A DRIFTING LIFE reviewed by Time Out Chicago

A Drifting Life

Time Out Chicago    |    Jonathan Messinger    |    April 30, 2009

It’s been only a few years since Japanese comics icon Yoshihiro Tatsumi’s work made it to our shores, thanks to Montreal’s Drawn & Quarterly. And yet, after just a few books from his 50-year career, he drops this brick on us: an 850-page graphic autobiography, tracking his beginning as a mangakan through his life and career.

Born in 1935, Tatsumi entered a bellicose Japan, and his earliest memories find his country searching for an identity after Hiroshima, Hirohito’s surrender, and the dissolution of the military. Tatsumi’s older brother was one of many sick adolescents, largely homebound by pleurisy. And without a structured economy after the war, his father sold repurposed goods from the American military, door-to-door. Tatsumi, only 12 years old, began to draw “postcard comics,” four-panel manga cartoons that he entered into various contests and which began to earn him some steady prize money and growing recognition.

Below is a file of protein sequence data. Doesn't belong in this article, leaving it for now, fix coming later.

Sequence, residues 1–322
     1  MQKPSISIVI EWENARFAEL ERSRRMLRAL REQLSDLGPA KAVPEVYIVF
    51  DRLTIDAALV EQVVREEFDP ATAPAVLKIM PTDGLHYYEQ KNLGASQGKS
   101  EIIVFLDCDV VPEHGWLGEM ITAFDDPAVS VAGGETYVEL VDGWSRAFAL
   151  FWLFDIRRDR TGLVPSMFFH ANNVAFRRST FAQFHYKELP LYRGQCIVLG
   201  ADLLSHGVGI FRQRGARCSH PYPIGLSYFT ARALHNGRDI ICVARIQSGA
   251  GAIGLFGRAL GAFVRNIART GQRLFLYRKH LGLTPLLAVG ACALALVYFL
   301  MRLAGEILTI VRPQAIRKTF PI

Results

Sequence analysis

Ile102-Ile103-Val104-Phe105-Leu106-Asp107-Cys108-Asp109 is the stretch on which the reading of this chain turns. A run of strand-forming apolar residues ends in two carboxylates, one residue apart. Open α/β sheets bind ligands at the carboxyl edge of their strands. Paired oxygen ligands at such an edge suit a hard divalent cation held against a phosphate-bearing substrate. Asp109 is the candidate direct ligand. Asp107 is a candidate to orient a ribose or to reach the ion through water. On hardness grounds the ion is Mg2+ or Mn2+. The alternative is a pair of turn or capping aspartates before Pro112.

As the book progresses, and Tatsumi’s career takes off against the backdrop of the ever-morphing Japanese culture, he never explicitly makes the connection between his work and the politics of his country (or his family). Like many other manga artists, Tatsumi showcases the exaggerated expressions—the mouths open at impossible angles and the practically planetary eyes—of the genre, but he notably leaves that behind in the most devastating moments. And it’s then when the reader’s jaw drops.
 



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